Steven Plitt, Expert Witness

Insurance Bad Faith Claim Handling Expert Serving Clients Nationwide

Phone: 602-322-4038

Steven Plitt, Expert Witness

Insurance Bad Faith Claim Handling Expert Serving Clients Nationwide

MARYLAND COURT FINDS THAT THE STATUTE OF LIMITATIONS FOR BRINGING A UIM CLAIM BEGINS TO RUN FROM WHEN THE INSURER DENIES THE CLAIM

| Jan 14, 2021 | Insurance Law

In Nationwide Mutual Insurance Co. v. Shilling, 2020 WL 1910499 (Md. 4/20/20), the Maryland Court of Appeals affirmed the intermediate appellate court finding that the statute of limitations began to run on UIM claims when the insurance company denied an insured’s demand for UIM benefits, thereby breaching the insurance contract.

In Shilling, the plaintiff/insured was involved in an automobile accident with an underinsured motorist.  The underinsured motorist paid $20,000 to settle the claim.  The settlement was approved two years after the accident occurred and represented the per person limit of bodily injury under one policy.  The plaintiff then sought additional UIM benefits from her own insurance company, Nationwide Mutual.  Formal demand for UIM benefits was made in 2015, two years after the automobile accident.  Initially, Nationwide requested additional medical records and did not deny the claim.  Later, the plaintiff/insured sued Nationwide, seeking the balance of her unpaid damages not covered by the $20,000 settlement.  Nationwide sought to dismiss the lawsuit against it, arguing that the claim was time-barred by a three-year statute of limitations for contract actions.  Nationwide argued that the statute of limitations period began to run when the tortfeasor’s insurance policy was exhausted, which happened when the insured accepted the settlement offer.  In response, plaintiff insured asserted that the statute of limitations had not run because Nationwide had not formally denied her claim for UIM benefits.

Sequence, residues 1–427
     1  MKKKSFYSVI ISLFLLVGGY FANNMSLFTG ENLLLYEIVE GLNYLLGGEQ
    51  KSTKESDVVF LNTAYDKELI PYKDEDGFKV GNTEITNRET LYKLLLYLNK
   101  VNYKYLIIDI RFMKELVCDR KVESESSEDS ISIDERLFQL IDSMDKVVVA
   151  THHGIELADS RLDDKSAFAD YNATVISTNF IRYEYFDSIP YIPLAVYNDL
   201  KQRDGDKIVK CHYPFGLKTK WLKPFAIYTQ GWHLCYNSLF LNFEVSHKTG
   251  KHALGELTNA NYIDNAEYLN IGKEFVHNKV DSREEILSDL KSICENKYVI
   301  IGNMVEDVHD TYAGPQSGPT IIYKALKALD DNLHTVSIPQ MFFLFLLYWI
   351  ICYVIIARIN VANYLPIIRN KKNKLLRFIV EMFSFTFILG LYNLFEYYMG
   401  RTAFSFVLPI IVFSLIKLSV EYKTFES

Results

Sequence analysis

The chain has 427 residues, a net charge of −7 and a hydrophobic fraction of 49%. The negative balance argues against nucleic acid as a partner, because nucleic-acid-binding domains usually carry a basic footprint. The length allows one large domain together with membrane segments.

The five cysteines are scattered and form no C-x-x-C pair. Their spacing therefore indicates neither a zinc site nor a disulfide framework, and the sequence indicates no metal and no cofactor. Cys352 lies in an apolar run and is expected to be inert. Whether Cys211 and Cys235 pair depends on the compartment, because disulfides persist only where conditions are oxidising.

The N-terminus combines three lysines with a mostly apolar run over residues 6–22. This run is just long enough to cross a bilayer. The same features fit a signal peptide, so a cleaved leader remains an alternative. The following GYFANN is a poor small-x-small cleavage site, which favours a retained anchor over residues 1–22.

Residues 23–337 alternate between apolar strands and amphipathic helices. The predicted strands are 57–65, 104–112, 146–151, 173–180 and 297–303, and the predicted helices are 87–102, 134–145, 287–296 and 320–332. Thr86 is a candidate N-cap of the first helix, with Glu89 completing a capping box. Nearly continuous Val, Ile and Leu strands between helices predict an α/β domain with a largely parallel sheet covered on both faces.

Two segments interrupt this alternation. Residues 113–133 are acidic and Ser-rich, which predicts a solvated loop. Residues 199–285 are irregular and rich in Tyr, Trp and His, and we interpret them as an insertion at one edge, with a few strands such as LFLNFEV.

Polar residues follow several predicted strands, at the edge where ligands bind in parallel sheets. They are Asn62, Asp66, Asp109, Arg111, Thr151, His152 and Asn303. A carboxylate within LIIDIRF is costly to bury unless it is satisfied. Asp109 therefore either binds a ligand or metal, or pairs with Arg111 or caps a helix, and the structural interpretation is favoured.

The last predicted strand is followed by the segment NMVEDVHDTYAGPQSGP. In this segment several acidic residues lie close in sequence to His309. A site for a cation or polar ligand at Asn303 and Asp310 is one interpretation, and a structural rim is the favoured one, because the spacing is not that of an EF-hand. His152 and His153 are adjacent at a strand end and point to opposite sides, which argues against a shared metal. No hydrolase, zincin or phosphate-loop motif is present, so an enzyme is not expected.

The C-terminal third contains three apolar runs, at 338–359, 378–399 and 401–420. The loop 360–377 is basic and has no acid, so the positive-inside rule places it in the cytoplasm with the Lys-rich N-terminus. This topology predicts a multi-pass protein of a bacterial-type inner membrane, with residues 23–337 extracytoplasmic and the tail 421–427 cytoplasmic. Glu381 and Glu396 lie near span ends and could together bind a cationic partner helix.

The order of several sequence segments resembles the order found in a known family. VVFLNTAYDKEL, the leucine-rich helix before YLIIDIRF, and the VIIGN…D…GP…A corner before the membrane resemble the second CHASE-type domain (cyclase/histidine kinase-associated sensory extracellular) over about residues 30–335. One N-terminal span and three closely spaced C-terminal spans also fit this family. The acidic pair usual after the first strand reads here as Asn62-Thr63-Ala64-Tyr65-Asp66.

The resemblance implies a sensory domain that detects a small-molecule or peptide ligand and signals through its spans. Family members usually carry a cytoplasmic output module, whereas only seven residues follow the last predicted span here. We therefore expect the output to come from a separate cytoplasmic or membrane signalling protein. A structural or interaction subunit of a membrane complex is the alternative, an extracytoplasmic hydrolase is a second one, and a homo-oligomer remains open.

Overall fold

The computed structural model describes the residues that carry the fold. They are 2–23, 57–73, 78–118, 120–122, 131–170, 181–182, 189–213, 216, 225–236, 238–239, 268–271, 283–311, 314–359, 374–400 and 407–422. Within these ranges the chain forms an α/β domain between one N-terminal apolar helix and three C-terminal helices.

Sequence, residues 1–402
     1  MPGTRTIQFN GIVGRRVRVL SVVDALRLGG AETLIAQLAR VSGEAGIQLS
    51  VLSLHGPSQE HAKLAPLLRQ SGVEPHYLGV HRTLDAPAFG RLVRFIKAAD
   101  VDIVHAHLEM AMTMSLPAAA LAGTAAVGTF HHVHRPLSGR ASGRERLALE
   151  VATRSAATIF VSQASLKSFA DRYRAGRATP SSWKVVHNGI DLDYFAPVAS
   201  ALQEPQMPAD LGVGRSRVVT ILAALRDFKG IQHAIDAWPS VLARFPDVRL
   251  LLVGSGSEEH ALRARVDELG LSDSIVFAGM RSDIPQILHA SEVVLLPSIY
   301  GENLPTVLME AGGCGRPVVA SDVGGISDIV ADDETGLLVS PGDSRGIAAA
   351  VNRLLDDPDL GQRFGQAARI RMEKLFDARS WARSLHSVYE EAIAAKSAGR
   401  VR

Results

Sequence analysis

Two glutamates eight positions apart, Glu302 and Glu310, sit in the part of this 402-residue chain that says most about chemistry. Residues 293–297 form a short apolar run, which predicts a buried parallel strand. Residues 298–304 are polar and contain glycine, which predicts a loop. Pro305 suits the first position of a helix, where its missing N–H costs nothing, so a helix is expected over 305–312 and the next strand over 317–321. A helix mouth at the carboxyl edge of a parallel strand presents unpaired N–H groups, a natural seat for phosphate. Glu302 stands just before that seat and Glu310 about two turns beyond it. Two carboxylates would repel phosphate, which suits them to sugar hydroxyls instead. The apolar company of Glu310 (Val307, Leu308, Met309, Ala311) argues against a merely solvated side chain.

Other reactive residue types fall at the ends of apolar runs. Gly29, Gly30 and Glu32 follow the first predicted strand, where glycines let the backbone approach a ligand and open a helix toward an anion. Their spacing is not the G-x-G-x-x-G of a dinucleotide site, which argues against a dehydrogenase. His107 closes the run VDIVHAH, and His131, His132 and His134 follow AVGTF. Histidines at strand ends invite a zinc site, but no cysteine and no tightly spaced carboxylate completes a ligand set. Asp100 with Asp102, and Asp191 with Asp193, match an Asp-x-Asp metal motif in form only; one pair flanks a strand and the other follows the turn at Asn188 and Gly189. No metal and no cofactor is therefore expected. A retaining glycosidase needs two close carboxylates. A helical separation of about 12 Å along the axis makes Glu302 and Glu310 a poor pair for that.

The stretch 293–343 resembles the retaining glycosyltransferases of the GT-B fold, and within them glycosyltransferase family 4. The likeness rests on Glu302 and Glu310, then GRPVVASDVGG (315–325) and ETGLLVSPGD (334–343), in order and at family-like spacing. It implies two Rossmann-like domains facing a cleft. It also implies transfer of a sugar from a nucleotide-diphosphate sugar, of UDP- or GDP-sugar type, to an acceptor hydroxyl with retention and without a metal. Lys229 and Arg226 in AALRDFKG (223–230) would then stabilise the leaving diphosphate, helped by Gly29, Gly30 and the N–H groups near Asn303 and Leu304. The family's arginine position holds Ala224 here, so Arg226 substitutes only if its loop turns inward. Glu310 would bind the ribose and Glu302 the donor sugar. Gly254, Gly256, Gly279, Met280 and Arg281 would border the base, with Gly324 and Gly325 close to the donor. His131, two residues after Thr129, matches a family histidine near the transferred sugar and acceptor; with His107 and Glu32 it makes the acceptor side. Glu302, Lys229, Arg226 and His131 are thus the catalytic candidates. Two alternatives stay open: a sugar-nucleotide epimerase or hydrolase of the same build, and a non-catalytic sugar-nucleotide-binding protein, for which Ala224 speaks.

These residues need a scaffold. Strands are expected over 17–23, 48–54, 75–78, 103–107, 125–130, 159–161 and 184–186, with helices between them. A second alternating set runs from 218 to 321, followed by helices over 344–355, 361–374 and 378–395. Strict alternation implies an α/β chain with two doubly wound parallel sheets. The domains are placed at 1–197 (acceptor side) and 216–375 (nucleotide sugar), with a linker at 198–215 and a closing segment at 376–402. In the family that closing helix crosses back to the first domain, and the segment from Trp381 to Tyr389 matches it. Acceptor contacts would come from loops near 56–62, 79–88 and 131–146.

The Maryland Court of Appeals held that the applicable statute of limitations began to run on the UIM claim once the insurance company denied the insured’s demand for UIM benefits.  The reasoning behind the ruling was that UIM claims are based in contract.  The statute of limitations began to run when the insurance company breached its contract to provide UIM benefits.  The Court noted that the insurance company could not breach the insurance contract if the plaintiff insured did not demand payment of benefits.  What occurred was that the plaintiff insured had only demand benefits when the formal demand letter was sent in 2015.

The majority of jurisdictions that have considered the question of when a UM/UIM cause of action accrues have concluded that the limitations period began to run when the claim upon the insurers breach of the insurance contract rather than the date of the accident.  See, Steven Plitt and Jordan R. Plitt, Practical Tools for Handling Insurance Cases, §11:34 (2020 Supp. citing cases).